You are currently browsing the monthly archive for December 2008.

Copia

Copia

Great passion.  Great food.  Great wine.  They even had chickens.  Then….

Robert Mondavi’s homage to the culture of fine wine and great foods, which had empowered his own life’s passions, has passed on to the place where organizations of great promise run by people who don’t get it go.

Copia was to be an experiential quest, alive with sensory inundations and discovery.  Instead, it became a naked emperor in search of a compliment on his wardrobe.

When I first visited Copia, shortly after it opened several years ago, a portion of Julia Childs’ kitchen wall was on display on the second floor. 

No rest for those with zest!

No rest for those with zest!

A docent told me that they had built the gardens 10 feet deep with virgin topsoil brought down by barge from Alaska.  Another had a group of people wandering through, tasting fresh herbs and smelling lavender.  No less than 3 wineries were hosting tasting of wine and olive oils. 

I even paid an admission fee.

What I saw, because of my background, was an enormous media opportunity for branded programming on food, wine and gardening/sustainability.  Copia could have been the brand and Napa, its home, and the Napa Valley would have benefited from the draw of cable tv stardom.

More recently I returned.  Julia’s kitchen wall was no longer upstairs. 

Try to find this at a Super Walmart!

Try to find this at a Super Walmart!

When I asked where it had gone, a docent told me that the exhibits change all of the time.  Later that day, I found the wall down by the restaurant and realized the docent didn’t know who Julia was.  The wine tasting had become a credit card type vendo-tasto display of automated machines which, for a swipe, would charge and dispense a sip, gulp or full pour.  Kind of a Redbox for winos.  MmmMmmMmm.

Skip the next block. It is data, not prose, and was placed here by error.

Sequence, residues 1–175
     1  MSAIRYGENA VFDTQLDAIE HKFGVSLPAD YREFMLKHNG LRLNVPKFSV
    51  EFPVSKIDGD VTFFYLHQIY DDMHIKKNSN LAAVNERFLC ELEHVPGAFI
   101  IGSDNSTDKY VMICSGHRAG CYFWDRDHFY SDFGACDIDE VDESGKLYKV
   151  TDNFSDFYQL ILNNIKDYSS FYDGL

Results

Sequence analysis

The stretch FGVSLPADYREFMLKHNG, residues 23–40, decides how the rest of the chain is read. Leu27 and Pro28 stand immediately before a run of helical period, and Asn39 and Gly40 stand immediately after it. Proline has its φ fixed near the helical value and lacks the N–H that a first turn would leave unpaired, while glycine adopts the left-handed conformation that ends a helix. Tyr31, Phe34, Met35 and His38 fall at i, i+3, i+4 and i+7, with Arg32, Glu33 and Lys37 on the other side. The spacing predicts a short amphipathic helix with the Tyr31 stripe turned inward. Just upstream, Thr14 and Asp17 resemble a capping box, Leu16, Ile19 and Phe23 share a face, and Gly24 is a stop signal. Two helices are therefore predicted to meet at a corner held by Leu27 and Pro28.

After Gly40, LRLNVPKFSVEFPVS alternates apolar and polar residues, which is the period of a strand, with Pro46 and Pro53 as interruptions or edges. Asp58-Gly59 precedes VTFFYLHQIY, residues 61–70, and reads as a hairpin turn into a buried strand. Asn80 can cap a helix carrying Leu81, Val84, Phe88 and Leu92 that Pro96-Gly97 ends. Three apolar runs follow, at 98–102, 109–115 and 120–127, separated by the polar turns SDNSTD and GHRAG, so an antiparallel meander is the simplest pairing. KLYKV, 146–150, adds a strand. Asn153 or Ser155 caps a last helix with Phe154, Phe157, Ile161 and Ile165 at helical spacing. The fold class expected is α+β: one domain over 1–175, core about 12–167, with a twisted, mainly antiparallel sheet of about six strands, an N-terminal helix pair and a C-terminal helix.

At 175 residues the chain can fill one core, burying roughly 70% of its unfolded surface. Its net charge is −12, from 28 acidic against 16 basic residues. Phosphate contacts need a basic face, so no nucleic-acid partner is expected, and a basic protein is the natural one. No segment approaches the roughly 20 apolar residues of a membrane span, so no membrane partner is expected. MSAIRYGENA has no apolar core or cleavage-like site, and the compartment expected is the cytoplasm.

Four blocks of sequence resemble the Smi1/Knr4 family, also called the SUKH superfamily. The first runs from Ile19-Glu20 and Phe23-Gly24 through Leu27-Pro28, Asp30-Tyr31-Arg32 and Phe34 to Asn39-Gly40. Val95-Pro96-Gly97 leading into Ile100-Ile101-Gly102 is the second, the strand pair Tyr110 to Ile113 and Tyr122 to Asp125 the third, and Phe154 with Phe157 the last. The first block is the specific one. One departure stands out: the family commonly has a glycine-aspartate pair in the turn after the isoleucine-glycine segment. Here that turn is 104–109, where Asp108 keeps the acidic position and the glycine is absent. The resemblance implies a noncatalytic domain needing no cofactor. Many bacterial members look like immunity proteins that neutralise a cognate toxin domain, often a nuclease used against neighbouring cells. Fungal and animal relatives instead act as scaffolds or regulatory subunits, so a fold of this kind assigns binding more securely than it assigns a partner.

Admission that day, seemingly overpriced, was free.

While I’ll always remember the gardens for their unique varieties and the care that was spent on their beauty, the rest of the place will fade easily. 

The saddest part for me is that the failure of Copia, now in bankruptcy, will tarnish the legend of Robert Mondavi, who inspired a valley full of grape farmers to become an industry of dominant brands complete with palatial estates and cultural fitness for global acceptance.

The old man (Mondavi) just passed away months ago and it sickens me to hear Copia referred to as his folly.  I never met the guy, but I respect anyone with that much passion. 

I’ll think kindly of him when I uncork my next bottle or crush my next garlic clove.  The fact that I think I get it means he can rest in peace.

Rest in Peace

Rest in Peace

Advertisements
Advertisements